Murphy, who is the clean-cut son of a corporate lawyer and has what appear to be national ambitions, makes an unlikely populist. But he seems intent on listening. Earlier this month, he headed to the Blue Ridge Mountains city of Boone, North Carolina, where 37 percent of the population lives below the poverty line. “It’s one of the poorest regions in America and offers a different conversation than in suburban America,” he said. “That trip reinforced to me that we should not obsess on what divides us.”

Deaths of despair—that is, from suicide, drug overdoses, and alcoholism—are rising at a frightful pace. Overdose deaths in the United States topped 106,000 in 2021. By comparison, the European Union, which has 100 million more people, recorded about 6,200 overdose deaths that year. Such deaths often break along economic and educational lines.

Jennifer Sherman, a Washington State University professor who is president of the Rural Sociological Society, has spent decades among working-class and poor people in the mountains and plains of the West. She has observed a pervasive sense of loss. Workers drop out or end up in service jobs, she told me, and fight losing struggles with the wealthy over zoning and for control of land, forests, and water. “If the Democrats want to figure out how to be relevant, they have to move beyond ‘Trust us, we care,’” Sherman said.

The Republicans are aware of these shifting class tectonics. “I have a very smart conservative friend who describes the next five years as a race,” Murphy said, “to see whether the right can become more economically progressive before the left becomes a bigger tent.”

In the current tumult, some people with heterodox politics see opportunities for political and economic change. Sohrab Ahmari, the editor of Compact magazine, identifies as a man of the right, but his politics are a curious amalgam. He is a Catholic cultural conservative who also is pro-union and admires President Franklin D. Roosevelt’s New Deal. His recent book, Tyranny, Inc., argues that Republican and Democratic leaders have deregulated business and allowed corporations to gut the stable well-paying jobs of working-class Americans. It’s as if Opus Dei danced a tango with the Catholic Worker.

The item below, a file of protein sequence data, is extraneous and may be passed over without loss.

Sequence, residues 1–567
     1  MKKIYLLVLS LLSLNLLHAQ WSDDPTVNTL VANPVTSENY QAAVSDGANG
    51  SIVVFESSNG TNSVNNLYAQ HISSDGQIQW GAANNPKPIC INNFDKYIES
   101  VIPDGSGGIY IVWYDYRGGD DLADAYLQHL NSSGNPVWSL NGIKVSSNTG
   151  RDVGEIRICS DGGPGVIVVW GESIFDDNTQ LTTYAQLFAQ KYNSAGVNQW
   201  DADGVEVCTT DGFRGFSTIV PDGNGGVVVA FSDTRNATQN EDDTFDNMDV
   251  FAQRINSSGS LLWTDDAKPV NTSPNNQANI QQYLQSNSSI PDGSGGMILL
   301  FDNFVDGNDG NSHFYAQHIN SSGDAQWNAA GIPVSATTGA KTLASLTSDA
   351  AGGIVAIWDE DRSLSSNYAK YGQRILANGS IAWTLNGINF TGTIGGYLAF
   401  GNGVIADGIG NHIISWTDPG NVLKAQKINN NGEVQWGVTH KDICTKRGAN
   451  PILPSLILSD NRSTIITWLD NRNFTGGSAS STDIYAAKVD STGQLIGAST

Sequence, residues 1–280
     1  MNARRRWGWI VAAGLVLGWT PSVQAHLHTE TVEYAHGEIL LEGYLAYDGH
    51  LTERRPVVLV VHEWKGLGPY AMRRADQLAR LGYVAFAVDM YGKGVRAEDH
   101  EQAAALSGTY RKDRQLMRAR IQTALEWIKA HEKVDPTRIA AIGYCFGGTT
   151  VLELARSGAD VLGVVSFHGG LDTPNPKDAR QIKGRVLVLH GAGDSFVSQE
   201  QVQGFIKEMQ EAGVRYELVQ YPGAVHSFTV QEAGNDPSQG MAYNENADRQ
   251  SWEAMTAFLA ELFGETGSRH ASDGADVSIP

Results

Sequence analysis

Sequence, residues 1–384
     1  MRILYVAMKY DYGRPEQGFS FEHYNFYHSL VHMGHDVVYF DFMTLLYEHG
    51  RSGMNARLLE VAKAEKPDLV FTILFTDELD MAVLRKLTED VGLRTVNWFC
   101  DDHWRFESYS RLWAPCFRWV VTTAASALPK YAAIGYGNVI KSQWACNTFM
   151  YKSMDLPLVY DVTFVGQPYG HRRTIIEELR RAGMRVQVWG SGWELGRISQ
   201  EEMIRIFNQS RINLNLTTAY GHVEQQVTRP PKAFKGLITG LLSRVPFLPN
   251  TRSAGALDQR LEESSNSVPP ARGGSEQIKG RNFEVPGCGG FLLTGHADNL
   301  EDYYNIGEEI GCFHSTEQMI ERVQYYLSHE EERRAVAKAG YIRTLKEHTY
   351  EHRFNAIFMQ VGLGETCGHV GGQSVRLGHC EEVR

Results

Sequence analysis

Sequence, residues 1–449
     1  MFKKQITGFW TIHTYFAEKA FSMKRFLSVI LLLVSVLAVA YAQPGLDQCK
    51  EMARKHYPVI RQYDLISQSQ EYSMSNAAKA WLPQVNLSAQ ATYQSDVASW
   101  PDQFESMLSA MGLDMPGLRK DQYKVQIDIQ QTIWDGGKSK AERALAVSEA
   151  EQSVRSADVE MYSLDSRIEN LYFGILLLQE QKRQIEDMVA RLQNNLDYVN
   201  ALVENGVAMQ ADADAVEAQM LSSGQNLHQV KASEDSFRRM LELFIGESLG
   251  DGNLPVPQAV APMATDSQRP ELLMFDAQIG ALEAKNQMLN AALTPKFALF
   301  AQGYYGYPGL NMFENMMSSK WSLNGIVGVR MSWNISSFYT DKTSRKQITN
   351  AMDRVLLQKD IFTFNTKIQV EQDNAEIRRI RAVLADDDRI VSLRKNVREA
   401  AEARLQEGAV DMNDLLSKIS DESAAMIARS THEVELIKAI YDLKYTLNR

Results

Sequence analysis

Ahmari gives grudging credit to Biden for sluicing money into working-class communities and openly admires Murphy for challenging a neoliberal writ that has dominated both parties. The Connecticut senator “takes seriously the dealignment of the rural working class and the Democratic Party,” Ahmari told me. “He’s right to insist on more from his party than sneering.”

Several times in our conversation, Murphy mentioned his party’s populist standard-bearer, Bernie Sanders. That reminded me of a day several decades ago when I traveled to the Lamoille River Valley in northern Vermont to watch Sanders campaign in a room of dairy farmers—predominantly French American, Catholic, and conservative. Sanders was none of those, fluent only in Brooklynese. He went on about milk prices and corporations fixing rates and hammering people like them, and the audience nodded along. He would take 65 percent of the vote in that county; as one of those farmers told me: “Bernie speaks like me. He’s got my vote.”

Murphy is seeking something like that language to address the pain of the country’s working class. Perhaps that’s a pipe dream and American politics are too broken.

But as a countervailing view, consider this: On Friday, Anthony posted a YouTube video of himself sitting in the cab of his truck and talking about the swirl of the past few weeks. It was fascinating in all respects.

“It’s aggravating seeing people on conservative news trying to identify with me, like I’m one of them,” he said at one point. “I see the right trying to characterize me as one of their own,” he continued, “and I see the left trying to discredit me, I guess in retaliation.” Addressing complaints from the left that he is attacking the poor, he quoted some lyrics from another of his songs:

Needles in the street, folks hardly surviving

on sidewalks next to highways full of cars self-driving,

The poor keep hurtin’, and the rich keep thrivin’.

He sounds like exactly the sort of guy whom progressives should be trying to win over.

Get Insightful, Cutting-Edge Content Daily - Join "The Neo Jim Crow" Newsletter!

We don’t spam! Read our privacy policy for more info.

Get Insightful, Cutting-Edge, Black Content Daily - Join "The Neo Jim Crow" Newsletter!

We don’t spam! Read our [link]privacy policy[/link] for more info.

Get Insightful, Cutting-Edge, Black Content Daily - Join "The Neo Jim Crow" Newsletter!

We don’t spam! Read our [link]privacy policy[/link] for more info.

This post was originally published on this site